At 2012 NTC, we delved into tools, strategy & storytelling
Last week’s Nonprofit Technology Conference in San Francisco was easily the most fast-paced and frenetic of the three NTCs I’ve participated in, and not just because, at 1,800 attendees, it was the biggest NTC to date.
Several reasons for the frenzy: Four Socialbrite team members led sessions or participated on panels; I wound up also attending the Where conference on geolocation technologies, two blocks away; I commuted home each day (a three-hour round trip by train) even after attending the evening social gatherings; and I reached out to a number of attendees to sit down and share their nonprofits’ experiences and challenges with social media.
I also captured a Flickr set of my NTC photos. And here are a few of my takeaways from the annual gathering.
Nonprofits need a social media strategy
• I’ve been giving a lot of talks lately, to organizations, at conferences and in my monthly CharityHowTo webinar, about how to create a social media strategy for your nonprofit or organization. At NTC, my Socialbrite partner Carla Schlemminger and I led a 90-minute session Thursday on You need a strategy, dammit, not a Twitter accountthat drew 100 people. An artist from Rally.org captured a graphic recording of the session, at top.
• We set up a special training summary page on Socialbrite at socialbrite.org/ntc, containing both our full slide show, 12 handouts to share with your team and a directory of resources on monitoring, metrics, creating media, storytelling and more.
• Libby S. asked for an example of how Pinterest — now the third largest social network! — has been effective for nonprofits. Turns out that one of the folks I sat down with, Briana Kerensky of Communities In Schools, had a good example: They’ve begun using Pinaquote, which lets you post any text on the Web to Pinterest (or another social network) instead of an image. So Communities in Schools has been pinning inspirational quotes for students about success and volunteerism.
• Kristina T. tweeted during our session: “Twitter can ID who is tweeting on a particular subject within a zip code range. New to me! Great potential tool.” Yep. Look at the Advanced Search options in Twitter and you’ll see that you can scroll down to Places and enter a town or location. When you do, you’ll see “within this distance” (1-50-500 miles) automatically appear. Click Search and presto!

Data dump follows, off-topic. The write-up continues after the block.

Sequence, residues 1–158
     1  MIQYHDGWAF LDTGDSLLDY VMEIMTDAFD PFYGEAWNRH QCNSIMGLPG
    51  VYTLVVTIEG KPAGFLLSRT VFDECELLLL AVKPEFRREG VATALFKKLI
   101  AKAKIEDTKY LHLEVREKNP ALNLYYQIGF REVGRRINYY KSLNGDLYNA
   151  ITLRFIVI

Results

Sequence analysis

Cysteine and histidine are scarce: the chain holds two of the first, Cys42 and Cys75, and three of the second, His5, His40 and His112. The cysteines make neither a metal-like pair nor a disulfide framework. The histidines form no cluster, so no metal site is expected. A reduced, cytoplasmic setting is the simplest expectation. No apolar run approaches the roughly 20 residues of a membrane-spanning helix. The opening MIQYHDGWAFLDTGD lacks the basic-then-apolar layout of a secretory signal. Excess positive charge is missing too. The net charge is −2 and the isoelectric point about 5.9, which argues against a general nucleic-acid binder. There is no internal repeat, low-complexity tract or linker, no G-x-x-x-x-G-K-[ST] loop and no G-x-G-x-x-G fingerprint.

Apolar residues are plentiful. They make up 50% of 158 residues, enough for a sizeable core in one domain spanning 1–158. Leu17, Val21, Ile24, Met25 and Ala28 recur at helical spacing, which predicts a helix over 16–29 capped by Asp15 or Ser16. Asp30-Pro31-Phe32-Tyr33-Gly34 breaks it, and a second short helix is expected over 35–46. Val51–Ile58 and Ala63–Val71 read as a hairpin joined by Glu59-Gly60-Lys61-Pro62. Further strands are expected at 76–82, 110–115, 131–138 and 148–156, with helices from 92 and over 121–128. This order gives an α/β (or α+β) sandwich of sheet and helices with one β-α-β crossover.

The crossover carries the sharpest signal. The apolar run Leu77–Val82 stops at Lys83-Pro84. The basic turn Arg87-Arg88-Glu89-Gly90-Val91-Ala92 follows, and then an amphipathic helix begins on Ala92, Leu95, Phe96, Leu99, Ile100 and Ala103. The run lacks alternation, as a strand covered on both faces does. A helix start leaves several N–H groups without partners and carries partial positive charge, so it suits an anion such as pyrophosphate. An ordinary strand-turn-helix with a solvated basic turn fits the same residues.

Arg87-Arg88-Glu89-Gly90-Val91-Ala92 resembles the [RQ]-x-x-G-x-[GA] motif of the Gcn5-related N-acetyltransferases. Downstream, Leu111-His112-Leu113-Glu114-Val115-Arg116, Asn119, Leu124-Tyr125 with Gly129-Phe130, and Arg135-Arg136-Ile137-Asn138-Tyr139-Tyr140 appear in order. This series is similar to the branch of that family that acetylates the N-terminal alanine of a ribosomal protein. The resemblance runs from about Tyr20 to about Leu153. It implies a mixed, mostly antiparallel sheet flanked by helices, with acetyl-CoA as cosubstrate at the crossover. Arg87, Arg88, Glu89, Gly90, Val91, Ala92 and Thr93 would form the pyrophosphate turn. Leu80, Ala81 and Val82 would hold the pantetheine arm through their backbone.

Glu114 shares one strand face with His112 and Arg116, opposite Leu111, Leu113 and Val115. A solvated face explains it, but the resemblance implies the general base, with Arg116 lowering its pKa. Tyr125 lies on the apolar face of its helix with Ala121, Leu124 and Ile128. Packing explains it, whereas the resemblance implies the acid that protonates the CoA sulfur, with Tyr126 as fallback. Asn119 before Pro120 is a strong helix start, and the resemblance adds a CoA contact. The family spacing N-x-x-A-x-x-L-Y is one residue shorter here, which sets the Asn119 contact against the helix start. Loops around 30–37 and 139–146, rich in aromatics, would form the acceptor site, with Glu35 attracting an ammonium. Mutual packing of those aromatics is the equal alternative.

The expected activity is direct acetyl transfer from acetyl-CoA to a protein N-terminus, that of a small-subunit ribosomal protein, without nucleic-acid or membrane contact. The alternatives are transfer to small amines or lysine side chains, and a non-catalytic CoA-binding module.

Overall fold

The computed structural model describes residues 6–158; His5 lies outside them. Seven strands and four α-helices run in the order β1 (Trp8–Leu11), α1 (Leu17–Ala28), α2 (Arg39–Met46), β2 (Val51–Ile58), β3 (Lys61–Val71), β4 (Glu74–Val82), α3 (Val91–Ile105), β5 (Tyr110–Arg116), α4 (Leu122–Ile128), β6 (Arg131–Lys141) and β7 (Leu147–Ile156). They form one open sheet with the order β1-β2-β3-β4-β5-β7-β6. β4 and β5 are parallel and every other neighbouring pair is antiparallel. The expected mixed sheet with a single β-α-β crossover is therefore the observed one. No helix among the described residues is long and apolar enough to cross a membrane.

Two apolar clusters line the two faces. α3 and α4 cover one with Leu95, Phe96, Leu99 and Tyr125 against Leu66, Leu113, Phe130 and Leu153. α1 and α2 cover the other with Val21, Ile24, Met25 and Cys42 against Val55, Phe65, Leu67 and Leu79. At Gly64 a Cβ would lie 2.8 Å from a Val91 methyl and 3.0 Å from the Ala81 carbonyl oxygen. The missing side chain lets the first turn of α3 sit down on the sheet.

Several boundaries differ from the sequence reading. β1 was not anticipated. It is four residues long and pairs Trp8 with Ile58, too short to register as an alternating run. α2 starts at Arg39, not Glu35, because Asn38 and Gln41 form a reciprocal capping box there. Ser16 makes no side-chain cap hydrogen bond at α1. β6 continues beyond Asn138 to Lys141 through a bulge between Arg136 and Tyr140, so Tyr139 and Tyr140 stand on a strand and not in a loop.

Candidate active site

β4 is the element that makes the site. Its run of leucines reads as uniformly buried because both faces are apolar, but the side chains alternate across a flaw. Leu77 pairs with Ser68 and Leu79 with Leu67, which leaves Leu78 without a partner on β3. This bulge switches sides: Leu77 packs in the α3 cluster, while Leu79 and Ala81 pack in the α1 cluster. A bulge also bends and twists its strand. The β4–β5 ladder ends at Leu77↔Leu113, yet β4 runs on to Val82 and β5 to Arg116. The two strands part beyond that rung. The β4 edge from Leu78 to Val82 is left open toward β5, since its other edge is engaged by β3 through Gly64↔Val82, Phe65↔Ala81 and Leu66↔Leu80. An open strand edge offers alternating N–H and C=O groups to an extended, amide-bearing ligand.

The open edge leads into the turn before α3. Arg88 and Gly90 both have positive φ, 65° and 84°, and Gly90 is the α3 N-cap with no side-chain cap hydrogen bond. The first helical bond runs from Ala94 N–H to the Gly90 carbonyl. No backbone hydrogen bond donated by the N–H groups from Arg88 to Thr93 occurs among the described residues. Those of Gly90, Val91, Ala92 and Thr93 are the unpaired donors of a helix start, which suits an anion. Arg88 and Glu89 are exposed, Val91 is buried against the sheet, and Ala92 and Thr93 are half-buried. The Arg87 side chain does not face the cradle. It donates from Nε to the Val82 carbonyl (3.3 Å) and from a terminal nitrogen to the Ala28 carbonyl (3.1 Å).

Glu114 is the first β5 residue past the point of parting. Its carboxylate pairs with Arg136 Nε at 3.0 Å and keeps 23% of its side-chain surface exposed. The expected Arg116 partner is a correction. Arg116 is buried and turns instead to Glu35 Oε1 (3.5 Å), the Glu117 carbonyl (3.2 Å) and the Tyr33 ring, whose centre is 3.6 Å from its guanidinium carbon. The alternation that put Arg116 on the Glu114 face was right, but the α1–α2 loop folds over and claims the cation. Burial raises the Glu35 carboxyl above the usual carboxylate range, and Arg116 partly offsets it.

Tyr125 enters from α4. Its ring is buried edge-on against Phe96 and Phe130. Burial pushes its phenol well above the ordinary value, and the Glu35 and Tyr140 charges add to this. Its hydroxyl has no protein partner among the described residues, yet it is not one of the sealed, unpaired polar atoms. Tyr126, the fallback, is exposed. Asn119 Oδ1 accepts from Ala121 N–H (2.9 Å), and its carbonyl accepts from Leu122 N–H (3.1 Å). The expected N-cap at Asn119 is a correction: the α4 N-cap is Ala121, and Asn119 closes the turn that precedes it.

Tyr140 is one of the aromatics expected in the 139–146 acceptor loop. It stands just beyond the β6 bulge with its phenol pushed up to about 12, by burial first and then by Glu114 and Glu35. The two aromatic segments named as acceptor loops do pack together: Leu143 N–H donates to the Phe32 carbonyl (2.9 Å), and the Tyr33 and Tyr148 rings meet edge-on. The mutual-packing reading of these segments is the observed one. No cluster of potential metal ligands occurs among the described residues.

The future of nonprofit storytelling
• We all agreed on the need for nonprofits to maintain an editorial calendar or story bank to keep track of upcoming stories and make sure upcoming events are given appropriate coverage. Open it up to the staff to add story ideas, even if they don’t commit to writing it.
• Great quote from Cara Jones: “Save video for motion and emotion.”
• I returned to the idea of creating photo slide shows and mashups using tools like Animoto, Stupeflix and others. See our roundup: 4 ways to mash up a visual story for your nonprofit.
• I pointed to the fact that few nonprofits have joined Google for Nonprofits, which would allow them to add call to action video overlays to their videos. See How to effectively use calls to action in nonprofit videos on Socialbrite.
• My advice to a questioner: “Don’t make your story about your organization, make it about your cause and constituents.”
• My response to a question about optimal length of an online video: “I have rarely watched a video and then thought, Oh, that video wasn’t long enough.”
• Someone mentioned ShoeBox for the iPhone, by 1000memories. It’s “the fastest way to scan old paper photos and share them with family and friends.”
• A member of the audience pointed out that YouTube can tell you the hot spots and cold spots in your video — the portions that people replay or the spot at which they bail. When logged into your YouTube account, go to YouTube Analytics > View Reports > Audience Retention.
• Reps from both Call2Action and Active Voice were at our Storytellnig session. Call2Action helps partners with online social issue campaigns with its portable microsite technology. Active Voice is a group of communications strategists who harness the power of film, television and multimedia to spark social change. They’re both worth following at @Call2Act and @active_voice.
• Jenna pointed out earlier that when you call up a photo in Facebook, clicking the L key will Like the photo.
• Dan Roam, author of “The Back of the Napkin” and “Blah Blah Blah: What to Do When Words Don’t Work,” gave a great presentation during Wednesday’s plenary on how to use pictures to communicate in ways everybody can understand. “I have a simple proposition. We can solve our problems with pictures. We can clarify our ideas with pictures.” Here are Rally.org’s visual notes/graphic recording.
• Thanks to the Community Techknowledge Foundation for the great dinner at the St. Francis.
• In the days ahead here on Socialbrite, look for my summary of the See3 session on video storytelling best practices, My take on GroupeMe, my interview with Leila Khoury of Frontstream Payments, Debra Askanse’s take on our Storytelling panel and more.
Of course, the best part of NTC was in the hallways, catching up with friends like Beth, Kivi, John, Debra, Peter, Lauren, Carla, Darian, David, Deborah, Cara, Robert, Mark, Kirstin, Kaitlyn and dozens of others. Thanks, NTC crew, for another amazing gathering.JD Lasica works with nonprofits, social change organizations and businesses on social media strategies. See his profile, visit his business blog, contact JD or follow him on Twitter or Google Plus.
This work is licensed under a Creative Commons Attribution 3.0 Unported.